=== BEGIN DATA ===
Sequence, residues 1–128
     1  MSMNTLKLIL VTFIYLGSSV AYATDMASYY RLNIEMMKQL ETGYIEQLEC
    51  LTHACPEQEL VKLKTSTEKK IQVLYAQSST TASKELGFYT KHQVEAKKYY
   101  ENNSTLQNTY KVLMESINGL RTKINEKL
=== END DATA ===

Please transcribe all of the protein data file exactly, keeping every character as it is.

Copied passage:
Sequence, residues 1–128
     1  MSMNTLKLIL VTFIYLGSSV AYATDMASYY RLNIEMMKQL ETGYIEQLEC
    51  LTHACPEQEL VKLKTSTEKK IQVLYAQSST TASKELGFYT KHQVEAKKYY
   101  ENNSTLQNTY KVLMESINGL RTKINEKL